Thursday, September 25, 2014

Sighs, Nods, and Shrugs: Those annoying Little (Literary) Tics

I teach college biology. One of the many perks of my job is that it provides me ample opportunities to observe human behavior in all its glorious, and not so glorious, variety.
My husband also teaches, so we sometimes share stories about amusing things that happen in our classes (in ways that respect the privacy of all parties involved of course). One thing we've both noticed is that every class seems to have a mad sigher--a student who emits theatrical sighs when the instructor announces a quiz or homework, changes topics in lecture, misspeaks and corrects themselves, or when another student asks a question.

Needless to say, it's a noticeable mannerism. It's something that calls attention to itself. And while everyone sighs from time to time, some people do it more (and do it more loudly) than others.
Mannerisms are an important part of character building in fiction. Some characters will sigh, nod, blink, shrug etc. more than others. This is fine if it's intentional, but we often don't even realize it. Simple, everyday gestures can become mindless insertions.

So how many times can a character nod before readers think herhead may fall off? How many times can a writer mention quirked or raised eyebrows before they start to resemble great fuzzy caterpillars that may escape and attach themselves to the wainscotting?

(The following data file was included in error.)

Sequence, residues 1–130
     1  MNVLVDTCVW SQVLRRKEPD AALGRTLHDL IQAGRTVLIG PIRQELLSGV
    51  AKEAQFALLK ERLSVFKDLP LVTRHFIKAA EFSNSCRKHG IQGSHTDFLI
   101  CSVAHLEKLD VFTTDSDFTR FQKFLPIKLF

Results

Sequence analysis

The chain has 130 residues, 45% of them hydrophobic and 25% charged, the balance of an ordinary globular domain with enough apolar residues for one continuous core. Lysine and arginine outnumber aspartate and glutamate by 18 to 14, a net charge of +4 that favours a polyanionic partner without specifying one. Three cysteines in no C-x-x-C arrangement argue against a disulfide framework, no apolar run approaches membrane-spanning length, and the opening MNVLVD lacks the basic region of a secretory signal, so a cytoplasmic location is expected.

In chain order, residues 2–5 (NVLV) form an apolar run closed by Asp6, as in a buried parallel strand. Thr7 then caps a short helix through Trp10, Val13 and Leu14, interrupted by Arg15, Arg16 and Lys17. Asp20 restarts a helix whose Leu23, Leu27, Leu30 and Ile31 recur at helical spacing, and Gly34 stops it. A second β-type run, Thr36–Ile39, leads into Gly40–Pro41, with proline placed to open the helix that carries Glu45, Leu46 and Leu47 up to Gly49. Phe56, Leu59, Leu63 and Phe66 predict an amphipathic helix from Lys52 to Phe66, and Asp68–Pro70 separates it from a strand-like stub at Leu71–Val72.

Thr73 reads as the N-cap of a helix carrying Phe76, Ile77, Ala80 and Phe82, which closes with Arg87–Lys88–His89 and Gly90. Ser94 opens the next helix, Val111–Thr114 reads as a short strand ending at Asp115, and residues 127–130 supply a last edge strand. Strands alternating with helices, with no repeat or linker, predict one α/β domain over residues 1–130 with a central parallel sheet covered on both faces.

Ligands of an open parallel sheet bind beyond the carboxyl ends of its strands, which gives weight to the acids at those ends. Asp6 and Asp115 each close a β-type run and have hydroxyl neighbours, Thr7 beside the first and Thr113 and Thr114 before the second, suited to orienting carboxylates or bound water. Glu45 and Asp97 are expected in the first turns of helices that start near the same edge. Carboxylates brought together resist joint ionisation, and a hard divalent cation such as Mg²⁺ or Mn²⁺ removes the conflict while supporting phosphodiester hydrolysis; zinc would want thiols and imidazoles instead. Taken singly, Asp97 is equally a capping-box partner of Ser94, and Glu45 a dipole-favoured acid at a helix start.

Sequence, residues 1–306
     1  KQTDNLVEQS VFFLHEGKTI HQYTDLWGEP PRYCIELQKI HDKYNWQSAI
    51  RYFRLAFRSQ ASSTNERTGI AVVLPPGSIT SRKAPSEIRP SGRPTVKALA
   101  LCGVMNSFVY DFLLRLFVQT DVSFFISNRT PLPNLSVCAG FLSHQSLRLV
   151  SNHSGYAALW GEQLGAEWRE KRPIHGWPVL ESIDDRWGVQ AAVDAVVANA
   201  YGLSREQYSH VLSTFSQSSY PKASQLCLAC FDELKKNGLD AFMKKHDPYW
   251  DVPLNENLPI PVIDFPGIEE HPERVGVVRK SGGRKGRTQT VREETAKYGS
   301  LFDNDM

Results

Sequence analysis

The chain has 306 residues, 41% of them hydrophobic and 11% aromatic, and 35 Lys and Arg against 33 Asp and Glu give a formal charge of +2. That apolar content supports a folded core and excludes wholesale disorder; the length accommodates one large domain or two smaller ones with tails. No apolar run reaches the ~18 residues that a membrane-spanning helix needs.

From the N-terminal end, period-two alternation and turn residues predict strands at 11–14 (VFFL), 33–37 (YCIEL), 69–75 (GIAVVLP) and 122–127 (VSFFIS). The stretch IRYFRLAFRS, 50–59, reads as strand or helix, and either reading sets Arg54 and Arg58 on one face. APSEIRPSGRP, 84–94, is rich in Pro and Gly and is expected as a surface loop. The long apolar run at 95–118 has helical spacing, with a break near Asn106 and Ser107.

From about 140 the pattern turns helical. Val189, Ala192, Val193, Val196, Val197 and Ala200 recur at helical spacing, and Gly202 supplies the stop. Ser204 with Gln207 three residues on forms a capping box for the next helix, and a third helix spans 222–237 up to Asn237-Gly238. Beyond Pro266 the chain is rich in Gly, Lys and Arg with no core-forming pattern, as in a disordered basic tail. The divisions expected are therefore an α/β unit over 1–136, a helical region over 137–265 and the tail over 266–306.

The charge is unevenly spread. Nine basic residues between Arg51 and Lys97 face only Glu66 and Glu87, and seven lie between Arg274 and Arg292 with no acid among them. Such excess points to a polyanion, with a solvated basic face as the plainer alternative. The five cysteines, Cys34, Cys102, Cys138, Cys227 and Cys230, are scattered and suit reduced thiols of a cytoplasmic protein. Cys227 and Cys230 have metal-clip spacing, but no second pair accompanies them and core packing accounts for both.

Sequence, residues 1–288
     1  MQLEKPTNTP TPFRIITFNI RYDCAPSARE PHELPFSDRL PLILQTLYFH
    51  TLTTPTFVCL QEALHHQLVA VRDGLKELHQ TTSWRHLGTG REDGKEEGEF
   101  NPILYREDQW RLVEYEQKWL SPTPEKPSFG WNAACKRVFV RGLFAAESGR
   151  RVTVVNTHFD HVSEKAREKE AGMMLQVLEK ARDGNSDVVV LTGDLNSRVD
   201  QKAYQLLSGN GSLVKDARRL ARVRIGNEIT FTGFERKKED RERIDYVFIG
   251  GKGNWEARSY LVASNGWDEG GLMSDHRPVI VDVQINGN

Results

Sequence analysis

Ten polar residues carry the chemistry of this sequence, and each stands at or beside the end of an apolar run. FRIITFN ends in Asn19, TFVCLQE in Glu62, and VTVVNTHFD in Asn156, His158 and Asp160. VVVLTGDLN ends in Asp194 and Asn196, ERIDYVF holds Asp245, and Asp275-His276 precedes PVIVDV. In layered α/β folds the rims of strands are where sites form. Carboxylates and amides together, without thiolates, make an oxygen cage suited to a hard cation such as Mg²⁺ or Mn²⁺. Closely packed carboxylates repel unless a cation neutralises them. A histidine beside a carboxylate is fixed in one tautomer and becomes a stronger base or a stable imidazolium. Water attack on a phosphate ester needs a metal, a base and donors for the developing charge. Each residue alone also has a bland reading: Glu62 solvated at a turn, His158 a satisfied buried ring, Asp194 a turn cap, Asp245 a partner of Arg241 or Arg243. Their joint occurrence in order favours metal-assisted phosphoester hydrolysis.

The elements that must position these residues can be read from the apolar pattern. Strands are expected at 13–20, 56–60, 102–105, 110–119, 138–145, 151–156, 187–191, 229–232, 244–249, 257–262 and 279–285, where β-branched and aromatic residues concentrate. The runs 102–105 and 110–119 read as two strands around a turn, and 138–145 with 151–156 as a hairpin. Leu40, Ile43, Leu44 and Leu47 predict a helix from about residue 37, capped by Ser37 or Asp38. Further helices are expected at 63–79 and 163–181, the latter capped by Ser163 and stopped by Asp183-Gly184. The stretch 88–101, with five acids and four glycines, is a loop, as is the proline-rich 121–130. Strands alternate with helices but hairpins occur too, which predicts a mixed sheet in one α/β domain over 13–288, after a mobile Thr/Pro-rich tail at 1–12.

Writing instructors and editors often enjoin us to be more mindful of stock gestures. I've even run across blogs that suggest that you only get five or six nods per manuscript. While I agree that excessive use of these gestures can become annoying, I got to thinking. Why five or six? What's magical about that number? And do all  successful and popular writers (or their editors) follow this advice?

I have both a nook and an ipad, so I've become an avid consumer of e-books. One thing these devices allow me to do is to conduct word searches. So I thought I'd do a little informal experiment and count the number of uses of some of these "go to" words in some of the books in my e-library. My reading is heavily weighted towards fantasy and SF, so all the titles save one fall into this category.

The words I searched for were: sigh, nod, shrug, grin, frown, eyebrow, gritted (in the context of teeth), groan. I didn't look at specific context, though I did toss incidents that were embedded in unrelated words or not used in the description of a character, and I considered all tenses of these words.